Unbelayvable: Ascenders Aren't Belay Devices

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Kevin Corrigan
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Every Monday we publish the most unbelievable stories of climbing stupidity submitted by our readers. See something unbelayvable? Tell us in the comments and your story could be featured in a future edition, online or in print. For more Unbelayvable, check out the Unbelayvable Archives.

>>Greetings from the Philippines! I was horrified when I chanced upon these climbers belaying with an ascender. I gave them my best advice because I thought there was about to be a disaster.—Pastor Noel, via email

LESSON: I can actually kind of see the logic behind these guys. The ascender will glide smoothly up the rope when the belayer takes in slack. If the climber falls, the ascender will lock up. (I'm giving them the benefit of the doubt and assuming that the ascender is clipped to the belayer's harness.) Unfortunately, ascenders are highly specialized devices. They are designed to do one thing: ascend ropes. Ascenders grip the rope with rows of metal teeth. Google image search "ascender teeth" for a visual. These work great under body weight loads. With higher loads, such as those generated in a fall, these teeth can shred a rope to bits.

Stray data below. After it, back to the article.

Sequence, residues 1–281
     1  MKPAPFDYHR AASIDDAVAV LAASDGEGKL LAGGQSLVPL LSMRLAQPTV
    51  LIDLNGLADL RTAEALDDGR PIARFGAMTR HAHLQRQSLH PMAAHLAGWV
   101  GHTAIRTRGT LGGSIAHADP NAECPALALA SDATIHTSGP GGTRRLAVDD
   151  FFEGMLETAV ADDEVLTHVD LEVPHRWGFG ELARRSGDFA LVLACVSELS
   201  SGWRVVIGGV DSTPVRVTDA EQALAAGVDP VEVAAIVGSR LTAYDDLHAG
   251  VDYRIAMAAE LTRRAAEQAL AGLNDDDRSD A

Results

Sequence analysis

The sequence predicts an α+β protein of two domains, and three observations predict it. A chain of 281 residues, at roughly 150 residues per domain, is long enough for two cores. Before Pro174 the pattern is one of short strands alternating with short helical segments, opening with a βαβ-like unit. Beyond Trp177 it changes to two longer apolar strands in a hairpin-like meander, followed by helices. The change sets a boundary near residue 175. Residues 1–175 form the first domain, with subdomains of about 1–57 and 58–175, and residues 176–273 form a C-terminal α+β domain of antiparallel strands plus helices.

Beyond any safety issues, most ascenders cost around $80. The two most popular tube-style belay devices both retail for around $30. A Munter hitch is free. Not only is it safer to belay properly; it's cheaper.

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